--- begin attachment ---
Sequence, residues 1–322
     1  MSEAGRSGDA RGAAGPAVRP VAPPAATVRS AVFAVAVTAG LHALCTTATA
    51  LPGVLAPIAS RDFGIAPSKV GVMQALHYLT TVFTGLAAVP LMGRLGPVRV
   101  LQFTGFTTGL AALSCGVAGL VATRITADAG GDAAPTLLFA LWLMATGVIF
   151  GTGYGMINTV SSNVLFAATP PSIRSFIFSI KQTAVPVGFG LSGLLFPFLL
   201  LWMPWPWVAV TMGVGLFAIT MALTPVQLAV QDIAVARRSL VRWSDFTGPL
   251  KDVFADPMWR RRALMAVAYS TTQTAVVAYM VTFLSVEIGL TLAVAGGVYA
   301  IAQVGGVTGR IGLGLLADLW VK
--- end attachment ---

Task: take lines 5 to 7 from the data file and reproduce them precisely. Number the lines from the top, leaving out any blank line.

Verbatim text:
   151  GTGYGMINTV SSNVLFAATP PSIRSFIFSI KQTAVPVGFG LSGLLFPFLL
   201  LWMPWPWVAV TMGVGLFAIT MALTPVQLAV QDIAVARRSL VRWSDFTGPL
   251  KDVFADPMWR RRALMAVAYS TTQTAVVAYM VTFLSVEIGL TLAVAGGVYA